Email Design Tips
For better email performance, keep these suggestions in mind when planning and designing your email campaign and content.
- Put your logo in the upper left-hand side of the email.
- Design the email for quick viewing.
- Avoid spam filter words and phrases.
- Your message needs to have a compelling and attention getting subject line. The subject line is the most important factor in determining whether your message goes to SPAM, junk mail or gets opened.
- Make sure the subject line and the pre-header text work together and support each other.
- Your message body needs to spell out a strong customer benefit, have a strong offer and call-to-action. The offer and call-to-action should be above the fold and the call-to-action should be repeated throughout the message.
- Use pre-header text to emphasize the offer (good for viewing on hand-held devices before images are enabled).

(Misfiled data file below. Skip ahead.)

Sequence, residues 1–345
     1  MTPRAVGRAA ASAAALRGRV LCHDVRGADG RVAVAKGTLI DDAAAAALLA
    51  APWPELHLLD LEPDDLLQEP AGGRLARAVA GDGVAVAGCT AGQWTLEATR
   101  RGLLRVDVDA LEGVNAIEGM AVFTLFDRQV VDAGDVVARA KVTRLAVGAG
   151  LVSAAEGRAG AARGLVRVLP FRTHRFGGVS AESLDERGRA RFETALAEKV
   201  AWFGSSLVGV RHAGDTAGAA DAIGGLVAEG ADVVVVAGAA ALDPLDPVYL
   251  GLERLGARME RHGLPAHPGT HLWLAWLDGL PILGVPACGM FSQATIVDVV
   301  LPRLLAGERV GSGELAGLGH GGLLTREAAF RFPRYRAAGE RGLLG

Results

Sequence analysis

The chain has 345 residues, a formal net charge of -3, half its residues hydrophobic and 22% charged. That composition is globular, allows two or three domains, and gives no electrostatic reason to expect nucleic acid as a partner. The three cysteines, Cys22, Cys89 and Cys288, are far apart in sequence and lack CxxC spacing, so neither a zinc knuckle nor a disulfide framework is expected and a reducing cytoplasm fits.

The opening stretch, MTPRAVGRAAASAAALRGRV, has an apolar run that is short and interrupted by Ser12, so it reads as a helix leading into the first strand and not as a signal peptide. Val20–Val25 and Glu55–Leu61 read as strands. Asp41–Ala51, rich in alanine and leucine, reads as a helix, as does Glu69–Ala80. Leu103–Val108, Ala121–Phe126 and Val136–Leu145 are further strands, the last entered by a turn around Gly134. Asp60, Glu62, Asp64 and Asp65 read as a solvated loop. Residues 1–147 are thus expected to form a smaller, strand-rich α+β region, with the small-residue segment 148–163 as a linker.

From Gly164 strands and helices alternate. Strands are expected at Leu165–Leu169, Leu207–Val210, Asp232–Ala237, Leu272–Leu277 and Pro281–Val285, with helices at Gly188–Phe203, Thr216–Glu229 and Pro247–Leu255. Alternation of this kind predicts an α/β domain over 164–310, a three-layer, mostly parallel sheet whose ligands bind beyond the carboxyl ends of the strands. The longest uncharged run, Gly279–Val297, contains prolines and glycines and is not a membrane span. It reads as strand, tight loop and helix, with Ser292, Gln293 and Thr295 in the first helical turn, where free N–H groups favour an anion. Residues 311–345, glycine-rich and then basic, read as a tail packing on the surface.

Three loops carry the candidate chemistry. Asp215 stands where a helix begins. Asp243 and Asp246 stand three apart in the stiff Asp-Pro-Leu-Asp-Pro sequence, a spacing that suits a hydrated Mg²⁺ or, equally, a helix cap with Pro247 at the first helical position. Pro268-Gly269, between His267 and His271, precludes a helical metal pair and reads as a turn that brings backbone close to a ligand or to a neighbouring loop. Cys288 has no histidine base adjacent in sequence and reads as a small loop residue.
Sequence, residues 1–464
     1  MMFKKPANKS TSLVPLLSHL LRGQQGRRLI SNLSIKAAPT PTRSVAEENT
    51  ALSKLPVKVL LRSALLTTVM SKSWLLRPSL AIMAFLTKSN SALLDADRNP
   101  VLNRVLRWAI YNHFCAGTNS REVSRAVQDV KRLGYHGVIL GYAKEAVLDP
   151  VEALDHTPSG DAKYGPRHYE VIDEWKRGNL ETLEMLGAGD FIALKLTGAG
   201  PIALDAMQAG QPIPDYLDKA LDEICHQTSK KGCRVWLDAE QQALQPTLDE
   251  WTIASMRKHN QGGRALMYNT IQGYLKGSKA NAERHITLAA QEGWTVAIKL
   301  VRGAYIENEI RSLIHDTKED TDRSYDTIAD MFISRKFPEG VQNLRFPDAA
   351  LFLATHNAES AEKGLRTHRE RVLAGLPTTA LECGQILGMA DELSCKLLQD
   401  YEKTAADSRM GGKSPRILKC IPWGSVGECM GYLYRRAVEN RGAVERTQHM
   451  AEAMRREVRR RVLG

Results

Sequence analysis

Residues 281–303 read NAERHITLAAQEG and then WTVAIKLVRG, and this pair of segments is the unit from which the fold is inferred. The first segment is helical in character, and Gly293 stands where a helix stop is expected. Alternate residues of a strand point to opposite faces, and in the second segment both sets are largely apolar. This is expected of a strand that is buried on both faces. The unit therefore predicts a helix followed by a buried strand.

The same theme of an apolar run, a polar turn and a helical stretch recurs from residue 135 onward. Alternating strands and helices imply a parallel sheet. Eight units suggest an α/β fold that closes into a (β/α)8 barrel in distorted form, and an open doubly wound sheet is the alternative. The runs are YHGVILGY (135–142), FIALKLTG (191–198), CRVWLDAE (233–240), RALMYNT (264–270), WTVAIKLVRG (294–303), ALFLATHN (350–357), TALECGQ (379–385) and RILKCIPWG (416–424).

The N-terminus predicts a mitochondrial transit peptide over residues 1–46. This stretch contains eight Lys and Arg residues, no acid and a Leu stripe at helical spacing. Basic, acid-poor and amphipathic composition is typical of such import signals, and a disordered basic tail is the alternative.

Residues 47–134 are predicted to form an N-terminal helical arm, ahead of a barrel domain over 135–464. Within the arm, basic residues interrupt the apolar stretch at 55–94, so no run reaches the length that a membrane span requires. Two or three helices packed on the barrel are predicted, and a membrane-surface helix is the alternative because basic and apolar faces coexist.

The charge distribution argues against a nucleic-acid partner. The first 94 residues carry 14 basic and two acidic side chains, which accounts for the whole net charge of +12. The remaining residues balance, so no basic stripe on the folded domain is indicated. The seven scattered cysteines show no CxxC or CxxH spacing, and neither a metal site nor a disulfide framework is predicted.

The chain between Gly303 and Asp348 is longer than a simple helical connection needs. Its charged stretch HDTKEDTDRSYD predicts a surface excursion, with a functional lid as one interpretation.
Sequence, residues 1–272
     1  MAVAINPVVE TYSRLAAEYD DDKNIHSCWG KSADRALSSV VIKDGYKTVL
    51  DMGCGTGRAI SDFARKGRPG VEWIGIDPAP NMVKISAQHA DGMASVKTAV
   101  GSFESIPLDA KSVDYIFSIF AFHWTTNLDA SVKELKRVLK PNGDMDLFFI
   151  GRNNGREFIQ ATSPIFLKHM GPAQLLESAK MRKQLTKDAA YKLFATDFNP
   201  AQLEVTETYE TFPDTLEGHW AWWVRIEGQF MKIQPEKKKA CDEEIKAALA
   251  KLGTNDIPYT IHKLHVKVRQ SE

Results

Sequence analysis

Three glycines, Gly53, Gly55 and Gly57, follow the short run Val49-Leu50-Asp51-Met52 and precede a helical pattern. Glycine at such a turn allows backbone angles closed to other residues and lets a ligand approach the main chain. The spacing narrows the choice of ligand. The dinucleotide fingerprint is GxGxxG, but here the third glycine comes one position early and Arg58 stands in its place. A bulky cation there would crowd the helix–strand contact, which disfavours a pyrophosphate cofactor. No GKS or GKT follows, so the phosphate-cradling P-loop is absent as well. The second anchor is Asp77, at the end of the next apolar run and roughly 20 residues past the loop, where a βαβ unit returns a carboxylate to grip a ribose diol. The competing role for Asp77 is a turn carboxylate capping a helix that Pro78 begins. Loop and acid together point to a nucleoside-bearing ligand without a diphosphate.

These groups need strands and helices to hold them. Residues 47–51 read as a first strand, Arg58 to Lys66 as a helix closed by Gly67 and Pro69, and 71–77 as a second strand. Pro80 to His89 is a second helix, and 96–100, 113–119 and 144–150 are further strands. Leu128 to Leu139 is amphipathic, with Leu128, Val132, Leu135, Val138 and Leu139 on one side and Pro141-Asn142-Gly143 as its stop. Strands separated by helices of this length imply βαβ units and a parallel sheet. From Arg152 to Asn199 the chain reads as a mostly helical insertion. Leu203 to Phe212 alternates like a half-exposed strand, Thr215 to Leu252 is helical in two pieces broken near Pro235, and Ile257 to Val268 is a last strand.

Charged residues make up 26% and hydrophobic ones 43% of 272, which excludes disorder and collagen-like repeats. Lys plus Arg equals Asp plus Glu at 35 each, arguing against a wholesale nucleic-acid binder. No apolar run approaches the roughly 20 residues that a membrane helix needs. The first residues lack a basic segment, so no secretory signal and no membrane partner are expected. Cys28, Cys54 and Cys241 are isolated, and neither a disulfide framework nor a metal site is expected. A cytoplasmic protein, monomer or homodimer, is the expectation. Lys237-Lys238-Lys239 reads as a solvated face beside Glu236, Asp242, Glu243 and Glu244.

- For best viewing, set up your email pixel for the device it will be primarily viewed on. For the average desktop, that is between 550 and 600 pixels.
- Include a mobile friendly URL link at the very top of your message.
- Keep copy short and to the point.
- Keep the main message and call-to-action above the fold.
- Stick to fewer than 3 typefaces.
- Use basic HTML and keep it simple.
- Keep your email 500-650 pixel wide.
- Closely tie the email to a landing page.
- Make sure your landing page matches the email in terms of headline, copy, offer, and design.
- Make sure your email and the supporting landing page are mobile friendly.
- Use auto-responders for Opt-Ins.
- Use call-to-action buttons and icons because they increase response.
- Test to see if your email can pass the “5 second” rule – can the reader understand the offer and quickly tell what your call-to-action is?
Direct Mail Letter Design Tips
Follow these tips for better direct mail letter design.
- Indent paragraphs and vary paragraph widths.
- Underline benefits.
- Use sub-headings to break up the page.
- Use a PS to restate offer or benefits.
- Use a Johnson Box. (A Johnson Box contains the key message of the letter and its purpose is to draw the reader’s attention to the key message.)
- Use different color ink to call out points.
- Use Serif fonts, they’re easier to read.
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